Relative to the Second Quarter of 2014, the economy grew by 8.67 percent in the Third Quarter. The nominal GDP at basic prices for the Third Quarter of 2014 was estimated at N22,933,144.01 million, up 12.06 percent from N20,464,395.99 million estimated for the corresponding quarter of 2013 and 5.51 percent from N21,734,829.86 million recorded in the second quarter of 2014. The economy, can be broadly classified into two output sectors: Oil and Non-oil sectors:

The Oil Sector

The oil sector experienced production challenges. The average daily production of crude oil in the Third Quarter of 2014 was recorded at 2.15 million barrels per day (mbpd), a decrease from 2.26 mbpd recorded in the Third Quarter of 2013 and 2.21 mbpd recorded in Second Quarter of the year.
The result was a decline in oil GDP by 3.6 percent in the Third Quarter of 2014, This was also lower relative to 5.47 percent in the Second Quarter of 2014. The Oil sector contributed approximately 10.45 percent to real GDP in the third quarter of 2014, lower from the 10.76 percent contribution in the Second Quarter of 2014, and the 11.51 percent contribution recorded during the Third Quarter of 2013.
The Non-oil Sector
The non-oil sector growth was driven by growth inactivities recorded in the Crop Production, Textile, Apparel and Footwear; Telecommunications, and Real Estate sectors.
In the third quarter of 2014, the non-oil sector recorded 7.51 percent growth in real terms, lower compared to 8.46 percent at the corresponding period in 2013, yet higher than 6.71 percent in the second quarter of 2014.

Total Capital Importation

The $6,542.58 million of capital imported in the third quarter of 2014 demonstrated a continuation of the upward trend observed over the year thus far. From the second quarter value of $5,803.89 million, there was an increase of $738.69 million or 12.73%, whilst year on year growth amounted to $2,123.82 million, up 48.06% from the $4,418.75 of capital imported in Q3 of 2013.
Capital importation values post financial crisis were exhibiting a strong recovery throughout 2012, peaking at $6,699.57 million in the first quarter of 2013. However, 2013 saw a steady decline in inflows, bottoming out at $3,904.55 million of capital imported in the opening quarter of 2014. This represented a decline of $2,696.02 million or 69.05% from the peak recorded just one year earlier. Despite the steady rises in inflows observed throughout 2014, the cumulative total for the year of $16,251.02 million is still $385.97 million or 2.32% below the 2013 cumulative total of $16,636.99 million.

External Reserves

The country’s external reserve position lost steam falling to US$34.47bn to end the year 2014, representing a decrease of 20.09% from US$43.61bn as at the end of the year 2013. The gross external reserve at the end of October 2014 stood at US$36.25 billion, indicating a decline of 5.3 and 17.9 per cent below the levels in the preceding month and the corresponding period of 2013, respectively. The observed depletion in the external reserves was due to increased foreign exchange sales at the rDAS and interbank segments of the foreign exchange market. A breakdown of external reserves showed that Federation reserves was US$4.47 billion (12.3 per cent); Federal Government reserves, US$3.87 billion (10.7 per cent), and the CBN reserves, US$27.91 billion (77.0 percent).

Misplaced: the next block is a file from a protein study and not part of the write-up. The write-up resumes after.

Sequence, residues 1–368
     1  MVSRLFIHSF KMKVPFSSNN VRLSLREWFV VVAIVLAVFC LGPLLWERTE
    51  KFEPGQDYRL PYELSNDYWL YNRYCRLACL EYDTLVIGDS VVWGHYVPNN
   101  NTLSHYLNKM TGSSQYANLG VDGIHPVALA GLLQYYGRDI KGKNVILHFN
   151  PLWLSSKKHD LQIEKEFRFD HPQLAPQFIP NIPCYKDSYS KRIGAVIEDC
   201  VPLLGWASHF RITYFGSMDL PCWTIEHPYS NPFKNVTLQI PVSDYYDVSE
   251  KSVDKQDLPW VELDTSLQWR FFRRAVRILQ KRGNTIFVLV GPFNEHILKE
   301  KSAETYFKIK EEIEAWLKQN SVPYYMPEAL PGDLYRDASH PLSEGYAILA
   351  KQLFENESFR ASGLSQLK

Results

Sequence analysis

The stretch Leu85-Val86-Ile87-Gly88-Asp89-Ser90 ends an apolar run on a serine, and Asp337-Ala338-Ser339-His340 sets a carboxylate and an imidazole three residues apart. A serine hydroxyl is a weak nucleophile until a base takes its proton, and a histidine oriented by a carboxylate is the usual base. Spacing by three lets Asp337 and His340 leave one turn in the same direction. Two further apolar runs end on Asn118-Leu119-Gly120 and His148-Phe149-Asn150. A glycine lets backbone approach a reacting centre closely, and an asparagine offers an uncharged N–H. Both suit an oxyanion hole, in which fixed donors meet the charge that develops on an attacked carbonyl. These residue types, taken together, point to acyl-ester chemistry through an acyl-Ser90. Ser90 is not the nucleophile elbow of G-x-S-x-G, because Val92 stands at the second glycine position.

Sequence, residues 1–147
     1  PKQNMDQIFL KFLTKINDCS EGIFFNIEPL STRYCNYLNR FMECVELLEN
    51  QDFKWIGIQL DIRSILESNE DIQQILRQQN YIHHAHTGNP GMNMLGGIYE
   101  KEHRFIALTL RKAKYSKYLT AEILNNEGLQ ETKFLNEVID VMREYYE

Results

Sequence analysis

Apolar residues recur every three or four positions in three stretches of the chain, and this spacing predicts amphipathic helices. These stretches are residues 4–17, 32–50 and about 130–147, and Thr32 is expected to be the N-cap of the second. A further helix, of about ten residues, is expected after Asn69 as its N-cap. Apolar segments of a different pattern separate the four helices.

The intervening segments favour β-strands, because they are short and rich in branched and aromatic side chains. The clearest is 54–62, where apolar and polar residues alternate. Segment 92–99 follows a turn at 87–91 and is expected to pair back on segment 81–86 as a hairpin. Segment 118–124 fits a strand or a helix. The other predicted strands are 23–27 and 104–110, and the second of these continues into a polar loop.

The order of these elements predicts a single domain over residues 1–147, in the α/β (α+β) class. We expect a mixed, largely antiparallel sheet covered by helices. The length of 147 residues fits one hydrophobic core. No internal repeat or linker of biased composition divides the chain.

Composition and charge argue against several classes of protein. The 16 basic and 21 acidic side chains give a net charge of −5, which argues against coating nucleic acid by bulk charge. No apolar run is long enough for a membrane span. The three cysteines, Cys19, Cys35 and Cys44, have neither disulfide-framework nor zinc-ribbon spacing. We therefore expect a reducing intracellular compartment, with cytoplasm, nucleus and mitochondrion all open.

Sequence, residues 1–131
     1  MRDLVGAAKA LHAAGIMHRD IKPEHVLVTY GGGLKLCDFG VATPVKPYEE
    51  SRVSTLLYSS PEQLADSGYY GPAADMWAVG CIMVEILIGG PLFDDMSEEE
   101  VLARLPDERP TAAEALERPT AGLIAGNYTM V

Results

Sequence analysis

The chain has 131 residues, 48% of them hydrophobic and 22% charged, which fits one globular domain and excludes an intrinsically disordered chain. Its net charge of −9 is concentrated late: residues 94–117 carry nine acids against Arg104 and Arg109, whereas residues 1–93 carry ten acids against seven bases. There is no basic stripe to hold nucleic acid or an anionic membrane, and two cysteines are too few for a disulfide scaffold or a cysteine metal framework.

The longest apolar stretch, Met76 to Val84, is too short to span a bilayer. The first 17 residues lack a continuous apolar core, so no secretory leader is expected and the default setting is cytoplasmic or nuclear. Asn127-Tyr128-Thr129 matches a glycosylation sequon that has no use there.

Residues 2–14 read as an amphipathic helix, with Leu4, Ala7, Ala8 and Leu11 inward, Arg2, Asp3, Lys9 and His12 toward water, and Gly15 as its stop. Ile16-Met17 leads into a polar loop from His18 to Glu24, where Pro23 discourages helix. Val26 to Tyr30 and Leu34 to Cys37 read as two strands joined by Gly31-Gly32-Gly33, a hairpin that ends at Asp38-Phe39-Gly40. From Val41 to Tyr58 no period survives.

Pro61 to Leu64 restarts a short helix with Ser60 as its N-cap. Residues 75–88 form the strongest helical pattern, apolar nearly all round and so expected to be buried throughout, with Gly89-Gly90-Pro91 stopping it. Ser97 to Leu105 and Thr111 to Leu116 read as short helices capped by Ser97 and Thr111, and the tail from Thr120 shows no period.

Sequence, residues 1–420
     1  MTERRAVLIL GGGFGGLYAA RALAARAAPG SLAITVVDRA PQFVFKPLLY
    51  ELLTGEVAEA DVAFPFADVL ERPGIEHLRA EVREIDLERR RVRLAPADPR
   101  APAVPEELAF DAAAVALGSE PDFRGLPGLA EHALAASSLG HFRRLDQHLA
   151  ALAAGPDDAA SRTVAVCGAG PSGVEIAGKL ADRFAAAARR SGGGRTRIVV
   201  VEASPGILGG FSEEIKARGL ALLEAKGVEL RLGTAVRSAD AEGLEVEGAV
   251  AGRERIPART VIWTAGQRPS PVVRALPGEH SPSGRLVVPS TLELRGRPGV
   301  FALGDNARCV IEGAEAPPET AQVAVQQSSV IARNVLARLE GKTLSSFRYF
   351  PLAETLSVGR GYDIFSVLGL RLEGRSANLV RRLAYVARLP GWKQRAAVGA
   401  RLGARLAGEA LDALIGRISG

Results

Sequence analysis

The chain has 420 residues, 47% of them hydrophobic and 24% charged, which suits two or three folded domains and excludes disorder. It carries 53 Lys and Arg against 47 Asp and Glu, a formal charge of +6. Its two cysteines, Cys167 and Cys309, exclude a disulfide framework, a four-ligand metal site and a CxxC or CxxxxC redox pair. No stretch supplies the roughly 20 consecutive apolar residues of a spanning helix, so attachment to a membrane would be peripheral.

Foreign Exchange

According to the Central Bank of Nigeria, Estimated aggregate demand for foreign exchange by authorized dealers under the retail Dutch Auction System (rDAS) and Bureau-de-change (BDC) was US$4.88 billion in October 2014. This indicated an increase of 14.1 and 17.9 per cent above the levels in the preceding month and the corresponding month of 2013, respectively. A disaggregation of total demand showed that demand at the rDAS-spot rose by 10.6 per cent to US$4.57 billion above the level in the preceding month, while at the rDAS-Forwards window and BDCs segments, it amounted to US$0.13 and US$0.18 billion, respectively.
Under the rDAS, the average exchange rate of the naira vis-à-vis the US dollar stood at N157.31 per US dollar, compared to N157.30/US$ and N157.42/US$ in the preceding month and corresponding month of 2013, respectively. This represented a depreciation of 0.01 per cent relative to the level in the preceding month but indicated an appreciation of 0.07 per cent relative to the level in the corresponding month of 2013.
At the BDC segment, the average exchange rate, at N169.43 per US dollar, depreciated by 0.5 and 2.6 per cent relative to the levels in the preceding month and the corresponding period of 2013, respectively.
Similarly, at the inter-bank segment, the average exchange rate of the naira vis-à-vis the US dollar, at N164.64 per US dollar, depreciated by 1.0 and 2.9 per cent, relative to the levels in the preceding month, and corresponding period of 2013.